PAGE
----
Are Kansas and Virginia on a crash course to the NCAA title game?

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(Photo by Jonathan Daniel/Getty Images)

Nothing is as it seems in the NCAA Tournament and, as those who picked Michigan State can attest, you might as well spin a roulette wheel to to pick your title teams. But an objective look at the 56 games played in the tournament (yes, only seven are left — so depressing) brings us to one incontrovertible fact: Kansas and Virginia are playing the best basketball right now, the only time it matters; and given that they're on opposite sides of the bracket, they look like they're Mad Maxing their way to a meeting in Houston on the night of April 4. 

Can they be stopped? Of course. This is the NCAA Tournament, where a team that lost to Georgia State, Marshall, Louisiana Tech and UAB can work over a tournament favorite in the first round. It's a tournament where a No. 7 and No. 8 seed can meet in a final, or an undefeated team can get to the national semifinals and lose to a lesser team. Favorites lose daily. Forget stone; nothing is written in pencil.

So the better question for KU and UVA is: Will they be stopped?

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(Photo by Kevin C. Cox/Getty Images)

Kansas showed their strength Thursday night, first by keeping their head above water in a poorly played first half, somehow going into halftime against Maryland with a two-point lead instead of an eight-point deficit. Staying in the game when it's not going well is how teams get to stand on that ladder. But more important was this stat line:

Devonte' Graham: 37 minutes, 0-2 FG, 0-1 3PT, 2-3 FT, 3 AST, 5 TO, 2 PTS

In what was, up to that point, the most important game of KU's season, its starting guard laid an egg. Well, to be more accurate, he laid the egg and then had it stolen from him while wildly driving into the lane. This, from the Jayhawks' most improved player, a sophomore who scored the game-winning points in KU's wild, triple-overtime win over Oklahoma, dropped a career-high 27 in the rematch and tied that in the season finale against No. 9 West Virginia. Kansas played three top-10 teams this year. Graham scored or matched a career high in each.

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(Photo by Kevin C. Cox/Getty Images)

So why is his awful stat line against Maryland so important? It exemplifies the strength of the Jayhawks: Its unbelievable offensive depth that allows a team to survive a horrible game from their electric, big-game guard. Forget survive — Kansas thrived, dropping 79 and winning by 16 on a Maryland team that started the year No. 3 in the country. 

Therein lies the power of Kansas. If Graham falters, junior Wayne Selden can pick up the slack. If Selden struggles, the Jayhawks have Frank Mason to lean on. If Mason has a bad night — well, you get the picture. And then there's Kansas' rock, senior Perry Ellis, who's been around so long there's a legitimate chance he was Wilt Chamberlain's freshman roommate in Lawrence. In his last eight games, Ellis scored 20, 22, 21, 20, 17, 21, 21 and a game-high 27 on Thursday. The Jayhawks, who are on a 17-game winning streak, have had Ellis go for 20+ in 10 of them.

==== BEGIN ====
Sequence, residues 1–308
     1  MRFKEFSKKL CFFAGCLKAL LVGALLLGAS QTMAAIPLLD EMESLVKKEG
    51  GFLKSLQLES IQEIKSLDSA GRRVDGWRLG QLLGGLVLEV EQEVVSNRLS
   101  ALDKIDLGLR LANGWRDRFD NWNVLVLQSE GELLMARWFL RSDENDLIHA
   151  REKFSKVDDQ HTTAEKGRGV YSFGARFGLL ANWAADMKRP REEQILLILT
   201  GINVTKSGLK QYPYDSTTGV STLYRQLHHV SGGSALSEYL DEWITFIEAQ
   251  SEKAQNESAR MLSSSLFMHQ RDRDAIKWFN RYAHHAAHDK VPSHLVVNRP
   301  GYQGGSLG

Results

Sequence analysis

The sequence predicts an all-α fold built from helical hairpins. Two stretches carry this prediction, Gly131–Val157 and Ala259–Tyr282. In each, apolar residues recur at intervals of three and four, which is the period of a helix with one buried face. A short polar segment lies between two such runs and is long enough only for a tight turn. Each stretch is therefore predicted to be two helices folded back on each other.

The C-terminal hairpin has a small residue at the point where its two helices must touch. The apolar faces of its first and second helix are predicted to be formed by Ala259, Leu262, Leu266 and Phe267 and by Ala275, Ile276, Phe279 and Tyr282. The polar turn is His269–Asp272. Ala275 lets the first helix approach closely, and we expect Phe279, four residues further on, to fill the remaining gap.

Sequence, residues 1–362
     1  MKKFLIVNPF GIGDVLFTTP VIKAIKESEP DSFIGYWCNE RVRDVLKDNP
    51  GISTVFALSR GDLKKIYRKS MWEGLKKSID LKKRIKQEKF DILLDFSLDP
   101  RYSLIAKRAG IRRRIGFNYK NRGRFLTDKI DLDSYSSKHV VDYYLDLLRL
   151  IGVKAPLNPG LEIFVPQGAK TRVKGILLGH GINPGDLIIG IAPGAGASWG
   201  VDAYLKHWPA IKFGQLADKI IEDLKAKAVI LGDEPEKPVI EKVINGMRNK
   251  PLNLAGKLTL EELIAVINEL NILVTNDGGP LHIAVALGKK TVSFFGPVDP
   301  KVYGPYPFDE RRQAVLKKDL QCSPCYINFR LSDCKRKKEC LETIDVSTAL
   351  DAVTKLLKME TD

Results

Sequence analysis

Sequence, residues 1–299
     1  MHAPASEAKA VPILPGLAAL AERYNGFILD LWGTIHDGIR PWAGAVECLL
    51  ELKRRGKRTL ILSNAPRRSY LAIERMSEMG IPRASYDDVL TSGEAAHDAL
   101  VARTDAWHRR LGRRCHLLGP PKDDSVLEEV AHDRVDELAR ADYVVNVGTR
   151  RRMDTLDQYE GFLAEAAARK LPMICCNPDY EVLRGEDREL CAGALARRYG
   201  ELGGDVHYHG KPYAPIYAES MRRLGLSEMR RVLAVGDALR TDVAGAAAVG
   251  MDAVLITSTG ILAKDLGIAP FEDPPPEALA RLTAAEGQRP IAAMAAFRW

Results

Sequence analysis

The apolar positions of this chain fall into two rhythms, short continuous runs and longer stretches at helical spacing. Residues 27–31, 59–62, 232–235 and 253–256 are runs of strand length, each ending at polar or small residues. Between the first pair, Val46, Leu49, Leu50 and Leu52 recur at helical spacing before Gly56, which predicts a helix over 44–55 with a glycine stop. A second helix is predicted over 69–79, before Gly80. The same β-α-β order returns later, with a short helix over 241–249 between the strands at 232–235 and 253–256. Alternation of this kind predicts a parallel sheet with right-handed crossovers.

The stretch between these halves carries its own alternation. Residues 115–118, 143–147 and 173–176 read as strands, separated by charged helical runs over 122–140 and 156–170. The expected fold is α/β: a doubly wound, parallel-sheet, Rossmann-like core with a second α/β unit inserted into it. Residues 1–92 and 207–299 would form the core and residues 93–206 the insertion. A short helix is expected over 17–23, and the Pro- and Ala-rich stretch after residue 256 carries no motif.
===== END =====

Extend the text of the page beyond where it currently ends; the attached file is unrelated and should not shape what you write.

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(Photo by Kevin C. Cox/Getty Images)

To be fair, KU's Methuselah has had two bad games this season. Still, Kansas won both, the first thanks to 25 from Selden and the second coming when Mason dropped 16. In a sport in which coaches have nightmares about their star having an off night on the wrong night, Kansas makes it easy by not having a star — just four very, very good college basketball players who pick each other up when one happens to be down.

Tony Bennett's pack-line defense has been UVA's star over the past few years. Then, without much warning, the Hoos got an offense to go with that D and parlayed that into a No. 1 seed after beating Villanova, Louisville and North Carolina in the regular season. (They'd lose to UNC in the ACC tournament final, however.) 

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(Photo by Jamie Squire/Getty Images)

Two teams remaining have played their 120 minutes of tournament basketball without once ever really feeling like they were in danger of losing. Villanova, which played the most efficient game of the tournament on Thursday, is one. UVA is the other. Friday's night game was a clinic, and I don't mean the cliched use of the word. You could seriously rent out a gym and charge people to come watch a DVR of UVA's first half to see their ball movement, player-maneuvering, smart shots, swarming defense and their patented sense of restrained urgency that makes each possession feel like a mini-battle, one that UVA usually wins en route to victory in the war.

Like Kansas, UVA has upper-class depth in the form of Malcolm Brogdon, Anthony Gill and London Perrantes. It's the same sort of M.O.; five players are capable of carrying the team, and not in the "anyone can get hot" way but in a legitimate "it's happened all season." If the jumpers are cold, UVA can go inside. But with the way the Hoos move the ball, the shooters don't stay cold for long, not with those open looks.

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(AP Photo/Gerry Broome)

Neither team is guaranteed anything in this tournament beyond playing a game this weekend (though it doesn't hurt that UVA will play a double-digit seed in said game). Given that the best teams usually don't win the tournament and the two best teams almost never meet in the final, history is against a meeting, even at this late stage. But wouldn't it be poetic in this supposedly wide-open year that the season's final game was played by the best two teams around?

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